Among the three commodity softcover stocks--10-, 12- and 15-point--10 and 12-point stocks, says Cassels, have superior embossing qualities; embossing a 15-point stock may cause its cracking. A UV coating, although it doesn't provide the most protection compared to other coatings, he continues, does prevent curling and is an inexpensive option. It also serves as a good choice for screen applications to increase gloss and protection, an application "underused in the industry," according to Cassels.
Looking into the crystal ball
Some of the cover production-related trends in the industry, says Cantwell, are: increased use of spot-coating on matte films, specifically polypropylene matte; increased use of glueable and stampable films; quicker turnaround and shorter runs; and customization for specific applications.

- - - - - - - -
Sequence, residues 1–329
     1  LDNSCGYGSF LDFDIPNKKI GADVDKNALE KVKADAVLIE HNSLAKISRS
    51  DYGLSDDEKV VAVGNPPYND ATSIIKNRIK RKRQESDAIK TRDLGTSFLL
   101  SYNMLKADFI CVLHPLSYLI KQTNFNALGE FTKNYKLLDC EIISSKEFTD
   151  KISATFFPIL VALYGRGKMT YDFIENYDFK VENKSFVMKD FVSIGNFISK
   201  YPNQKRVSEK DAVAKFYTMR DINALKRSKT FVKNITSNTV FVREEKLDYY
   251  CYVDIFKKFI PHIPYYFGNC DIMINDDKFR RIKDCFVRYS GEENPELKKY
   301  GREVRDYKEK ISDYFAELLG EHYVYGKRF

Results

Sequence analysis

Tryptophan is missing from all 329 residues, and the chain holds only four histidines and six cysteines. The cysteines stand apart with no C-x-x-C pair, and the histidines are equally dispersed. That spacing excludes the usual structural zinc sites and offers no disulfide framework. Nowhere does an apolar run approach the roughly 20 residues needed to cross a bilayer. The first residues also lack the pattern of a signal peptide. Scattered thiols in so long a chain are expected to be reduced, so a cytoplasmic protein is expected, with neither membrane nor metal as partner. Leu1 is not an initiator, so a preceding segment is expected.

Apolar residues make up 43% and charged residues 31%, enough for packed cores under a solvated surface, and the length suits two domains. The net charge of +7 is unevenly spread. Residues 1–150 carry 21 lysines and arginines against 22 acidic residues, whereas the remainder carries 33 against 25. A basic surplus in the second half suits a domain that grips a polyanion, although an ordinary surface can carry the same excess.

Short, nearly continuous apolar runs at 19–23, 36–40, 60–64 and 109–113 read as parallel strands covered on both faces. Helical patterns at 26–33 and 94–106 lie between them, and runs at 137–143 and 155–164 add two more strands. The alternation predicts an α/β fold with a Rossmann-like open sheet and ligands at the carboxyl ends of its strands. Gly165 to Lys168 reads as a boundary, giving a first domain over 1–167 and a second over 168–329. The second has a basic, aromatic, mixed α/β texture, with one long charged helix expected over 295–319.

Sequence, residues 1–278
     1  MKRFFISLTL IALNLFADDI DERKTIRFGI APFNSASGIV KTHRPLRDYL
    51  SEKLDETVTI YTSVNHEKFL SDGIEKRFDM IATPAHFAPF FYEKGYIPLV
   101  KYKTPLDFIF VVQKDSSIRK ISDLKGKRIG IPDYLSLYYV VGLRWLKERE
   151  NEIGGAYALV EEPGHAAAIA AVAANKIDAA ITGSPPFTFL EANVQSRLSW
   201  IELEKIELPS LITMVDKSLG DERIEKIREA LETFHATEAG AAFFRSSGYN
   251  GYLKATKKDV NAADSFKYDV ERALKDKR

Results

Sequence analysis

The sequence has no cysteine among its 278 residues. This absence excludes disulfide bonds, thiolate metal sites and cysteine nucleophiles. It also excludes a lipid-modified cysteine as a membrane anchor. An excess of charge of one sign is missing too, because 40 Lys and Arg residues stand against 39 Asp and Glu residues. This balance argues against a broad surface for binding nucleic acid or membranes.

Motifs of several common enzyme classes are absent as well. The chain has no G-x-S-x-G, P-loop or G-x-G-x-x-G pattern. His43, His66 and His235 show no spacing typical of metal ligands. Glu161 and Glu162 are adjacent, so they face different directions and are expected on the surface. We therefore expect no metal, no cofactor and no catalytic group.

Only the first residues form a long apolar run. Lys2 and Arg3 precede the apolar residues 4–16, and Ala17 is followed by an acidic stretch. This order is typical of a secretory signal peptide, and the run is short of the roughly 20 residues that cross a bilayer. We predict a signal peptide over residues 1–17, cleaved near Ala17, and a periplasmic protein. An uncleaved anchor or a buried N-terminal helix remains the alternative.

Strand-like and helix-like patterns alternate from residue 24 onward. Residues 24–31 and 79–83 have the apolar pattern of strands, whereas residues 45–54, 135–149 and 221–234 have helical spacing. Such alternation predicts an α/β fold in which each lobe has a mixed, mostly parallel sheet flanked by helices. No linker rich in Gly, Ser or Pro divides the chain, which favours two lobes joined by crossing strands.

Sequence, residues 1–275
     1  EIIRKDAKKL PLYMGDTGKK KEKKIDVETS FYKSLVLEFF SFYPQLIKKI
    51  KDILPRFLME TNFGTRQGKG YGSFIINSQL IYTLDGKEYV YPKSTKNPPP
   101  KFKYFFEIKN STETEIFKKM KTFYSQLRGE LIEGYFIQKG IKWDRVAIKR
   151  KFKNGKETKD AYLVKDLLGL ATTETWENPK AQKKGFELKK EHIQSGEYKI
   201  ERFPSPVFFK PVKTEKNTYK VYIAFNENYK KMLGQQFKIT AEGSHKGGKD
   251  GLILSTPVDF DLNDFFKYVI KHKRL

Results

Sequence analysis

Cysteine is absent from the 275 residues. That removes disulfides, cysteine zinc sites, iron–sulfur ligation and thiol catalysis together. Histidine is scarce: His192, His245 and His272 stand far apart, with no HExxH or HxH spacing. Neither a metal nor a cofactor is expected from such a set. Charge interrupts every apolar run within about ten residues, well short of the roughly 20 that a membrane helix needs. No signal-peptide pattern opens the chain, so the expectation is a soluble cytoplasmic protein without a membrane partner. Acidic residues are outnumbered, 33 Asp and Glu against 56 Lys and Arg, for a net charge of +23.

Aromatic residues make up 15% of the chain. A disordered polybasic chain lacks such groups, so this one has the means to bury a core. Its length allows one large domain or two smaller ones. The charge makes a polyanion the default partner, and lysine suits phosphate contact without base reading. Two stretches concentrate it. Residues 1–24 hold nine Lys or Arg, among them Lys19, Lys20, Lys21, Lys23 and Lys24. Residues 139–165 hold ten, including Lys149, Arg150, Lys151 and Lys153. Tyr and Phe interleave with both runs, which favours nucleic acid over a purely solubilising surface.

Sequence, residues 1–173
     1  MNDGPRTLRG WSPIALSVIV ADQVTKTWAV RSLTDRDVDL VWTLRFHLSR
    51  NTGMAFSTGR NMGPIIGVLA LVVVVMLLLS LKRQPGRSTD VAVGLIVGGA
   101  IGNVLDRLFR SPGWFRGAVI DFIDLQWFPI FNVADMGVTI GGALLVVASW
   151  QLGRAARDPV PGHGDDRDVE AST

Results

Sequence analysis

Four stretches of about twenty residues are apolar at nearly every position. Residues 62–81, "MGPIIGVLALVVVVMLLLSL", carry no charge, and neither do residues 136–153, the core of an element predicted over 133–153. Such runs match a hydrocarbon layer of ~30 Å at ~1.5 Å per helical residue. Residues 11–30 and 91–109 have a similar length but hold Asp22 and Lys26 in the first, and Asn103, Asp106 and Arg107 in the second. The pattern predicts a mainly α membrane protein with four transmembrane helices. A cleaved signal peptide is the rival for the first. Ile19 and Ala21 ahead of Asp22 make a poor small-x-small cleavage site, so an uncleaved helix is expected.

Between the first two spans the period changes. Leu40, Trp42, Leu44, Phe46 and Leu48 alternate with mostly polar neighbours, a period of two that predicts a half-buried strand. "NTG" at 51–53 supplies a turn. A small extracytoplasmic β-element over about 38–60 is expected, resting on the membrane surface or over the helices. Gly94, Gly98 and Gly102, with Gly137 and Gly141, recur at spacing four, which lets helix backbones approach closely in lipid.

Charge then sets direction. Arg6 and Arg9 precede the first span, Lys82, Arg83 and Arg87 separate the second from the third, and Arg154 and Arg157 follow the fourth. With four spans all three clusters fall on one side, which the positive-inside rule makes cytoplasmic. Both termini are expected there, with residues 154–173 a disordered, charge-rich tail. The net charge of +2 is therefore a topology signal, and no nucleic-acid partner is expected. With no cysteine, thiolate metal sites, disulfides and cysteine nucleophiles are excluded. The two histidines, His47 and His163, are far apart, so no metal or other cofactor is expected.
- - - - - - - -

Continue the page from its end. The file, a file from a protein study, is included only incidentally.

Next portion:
Frank Ervin, vice president of training and technology for Phoenix Color, Hagerstown, MD, offers his observations: "The key trend to look out for over the next year or two, is ... the increasing marriage of digital prepress to the manufacturing (of the foiling and embossing dies), in other words, using more digital processes as opposed to photomechanical etching processes." This trend, as well as the increased use of special materials that accelerate the di-making process and use of combination foil stamping and embossing dies, he says, may permit shorter runs and more flexibility on quick turnaround books, such as bestsellers.
(Information provided by Draper, Cantwell and Ervin was derived from their presentations during BookTech '99's "Book Covers and Jackets: Materials, Methods and Case Studies, Part One" session. Information from Cassels' presentation at "Book Covers and Jackets: Materials, Methods and Case Studies, Part Two," BookTech '99, was also incorporated.)